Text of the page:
God’s backyard

Rumour has it that during the March 2020 lockdown God was discovered chilling out here in New Zealand. When asked, “What’re you doing here?” He replied, “Working from home”. On this particular weekend, God was on the South Island.

NZTV1 was unusually gloomy. Daniel the newscaster tried to keep upbeat, but every time the weathercaster appeared wearing her shiny red polyester pleated skirt and yellow top his face took on a “oh well, we will have to make the best of it” look. North Island was under water. The winds blew and the rain came down. Bedraggled holiday makers clad in rain ponchos gave evidence of wrecked tents. The inter island ferry was still attempting journeys across the Cook Straight but warning passengers not to travel if they were prone to sea sickness. Tugs were employed to pull the ferries containing vomiting passengers into port.

January is the school summer holiday season here, so amid this Armageddon, when families were forced to abandon the beach for indoor aquariums, the sun rose pleasantly over South Island. We gathered our hats and climbed into the truck amid bits of field and empty disposable coffee cups. We headed out on Highway 72 and drove along the foothills of the Southern Alps towards Geraldine. But we never got there because we turned off towards Peel forest and then onto the Rangitata Gorge road. The sign informed us that this was a dead end, so we went along for the ride, expecting to bump into a mountain before too long.


We drove and drove. From empty sealed road to rumbling gravel track we followed the river valley up towards Cloudy Mountain, drinking in the glory of God’s backyard under the blue sky. The great velvet slopes, the wide braids of blue water, the green green paddocks and fields of wildflowers and willows. The sheep grumbled at us, the paddocks of deer lifted startled heads and then ignored us, the Aberdeens and Herefords grazed contentedly, and the mighty muscled Charolais bulls sunbathed in the grass. Every now and then we came across a narrow bridge, a ford, or a lonely ship-lapped house with a view to die for. There were regular signs that told us this was a school bus route, and finally there was a silent fire station. The sun was high over the cloud topped peaks and we had still not reached the end of the road. Any time now it seemed that we would fall over the top and land on the West Coast – although we knew this was impossible without tramping. So close. We turned back, stopping for photos that would never be able to tell the true story of our senses.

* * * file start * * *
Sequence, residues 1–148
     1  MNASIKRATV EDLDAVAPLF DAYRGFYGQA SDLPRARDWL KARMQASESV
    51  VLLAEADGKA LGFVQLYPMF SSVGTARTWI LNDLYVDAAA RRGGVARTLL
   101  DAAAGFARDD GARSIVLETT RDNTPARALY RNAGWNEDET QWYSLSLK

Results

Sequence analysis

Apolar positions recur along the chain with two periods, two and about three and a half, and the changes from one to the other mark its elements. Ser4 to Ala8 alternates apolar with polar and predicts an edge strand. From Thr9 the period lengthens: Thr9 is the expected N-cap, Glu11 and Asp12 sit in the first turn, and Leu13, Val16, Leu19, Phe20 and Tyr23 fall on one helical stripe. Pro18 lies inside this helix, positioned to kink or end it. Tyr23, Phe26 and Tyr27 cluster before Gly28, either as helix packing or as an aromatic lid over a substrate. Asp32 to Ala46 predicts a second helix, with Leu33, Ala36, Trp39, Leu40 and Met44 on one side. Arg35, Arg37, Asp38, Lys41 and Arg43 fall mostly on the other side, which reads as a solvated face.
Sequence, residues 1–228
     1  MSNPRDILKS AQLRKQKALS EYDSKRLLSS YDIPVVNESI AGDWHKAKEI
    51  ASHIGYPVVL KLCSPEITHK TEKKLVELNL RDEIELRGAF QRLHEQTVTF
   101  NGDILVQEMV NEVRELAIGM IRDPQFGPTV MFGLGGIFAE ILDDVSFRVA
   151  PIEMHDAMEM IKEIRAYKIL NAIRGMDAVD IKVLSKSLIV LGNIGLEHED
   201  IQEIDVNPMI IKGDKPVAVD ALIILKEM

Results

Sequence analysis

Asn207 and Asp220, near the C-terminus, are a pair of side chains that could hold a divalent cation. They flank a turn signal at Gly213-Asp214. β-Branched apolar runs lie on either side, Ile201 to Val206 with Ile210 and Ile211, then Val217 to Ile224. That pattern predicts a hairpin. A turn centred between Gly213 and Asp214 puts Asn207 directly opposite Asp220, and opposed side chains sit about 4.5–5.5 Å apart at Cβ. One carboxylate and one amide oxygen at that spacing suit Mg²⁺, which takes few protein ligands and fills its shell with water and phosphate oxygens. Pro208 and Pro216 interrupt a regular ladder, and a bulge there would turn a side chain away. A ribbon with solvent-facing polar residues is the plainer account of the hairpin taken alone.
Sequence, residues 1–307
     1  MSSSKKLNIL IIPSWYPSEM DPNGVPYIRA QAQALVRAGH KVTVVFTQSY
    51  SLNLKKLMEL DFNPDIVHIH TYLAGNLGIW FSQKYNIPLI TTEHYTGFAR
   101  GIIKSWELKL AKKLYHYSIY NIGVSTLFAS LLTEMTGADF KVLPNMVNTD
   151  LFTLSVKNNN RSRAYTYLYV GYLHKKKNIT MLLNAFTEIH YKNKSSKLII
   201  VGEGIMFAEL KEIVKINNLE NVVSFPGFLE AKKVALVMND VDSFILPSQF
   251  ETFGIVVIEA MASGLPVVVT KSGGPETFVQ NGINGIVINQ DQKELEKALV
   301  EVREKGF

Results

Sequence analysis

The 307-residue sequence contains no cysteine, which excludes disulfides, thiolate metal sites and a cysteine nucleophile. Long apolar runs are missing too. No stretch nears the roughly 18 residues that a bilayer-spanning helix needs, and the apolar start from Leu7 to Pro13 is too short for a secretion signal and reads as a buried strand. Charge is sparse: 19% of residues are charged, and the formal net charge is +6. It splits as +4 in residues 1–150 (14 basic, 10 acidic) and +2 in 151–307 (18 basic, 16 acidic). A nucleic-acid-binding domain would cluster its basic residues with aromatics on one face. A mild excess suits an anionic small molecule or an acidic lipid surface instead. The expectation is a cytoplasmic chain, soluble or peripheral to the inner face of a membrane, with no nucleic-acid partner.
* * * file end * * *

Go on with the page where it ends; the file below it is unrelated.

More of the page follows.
Green pastures

It seemed a lot quicker on the way back. Always the case. We drove back through the gorge, and stopped at a small cafe with umbrellas, black sun sails and stools made out of old tractor seats. Sausage rolls and coffee were consumed gratefully, the little woodland sparrows being charmingly preferable to the pirate seagulls of Christchurch. Then a walk uphill through Peel Forest to admire The Big Tree. Originally titled, this is a huge Totara tree that seeded before the Norman Conquest, and has a trunk girth that defied the family of five who asked us to take a photo of them trying to reach round it. They only got half way.

The Giant Totara Tree

On the return journey we stopped at Staveley Store. This is probably one of the best places in the world to eat a double Tip Top ice cream cone. We sat under the gnarled old tree outside, watching a coach load of weary tourists admiring a small wooden shack (the Staveley geological museum). We wondered along to look at the little Presbyterian church (a suitable activity for a Sunday afternoon) and drove home for a cup of tea.

Staveley Store

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